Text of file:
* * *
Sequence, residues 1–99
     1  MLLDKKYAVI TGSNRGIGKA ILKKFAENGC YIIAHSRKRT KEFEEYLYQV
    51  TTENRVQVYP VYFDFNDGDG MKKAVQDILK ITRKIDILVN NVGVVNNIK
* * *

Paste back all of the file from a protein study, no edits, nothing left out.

Sequence, residues 1–99
     1  MLLDKKYAVI TGSNRGIGKA ILKKFAENGC YIIAHSRKRT KEFEEYLYQV
    51  TTENRVQVYP VYFDFNDGDG MKKAVQDILK ITRKIDILVN NVGVVNNIK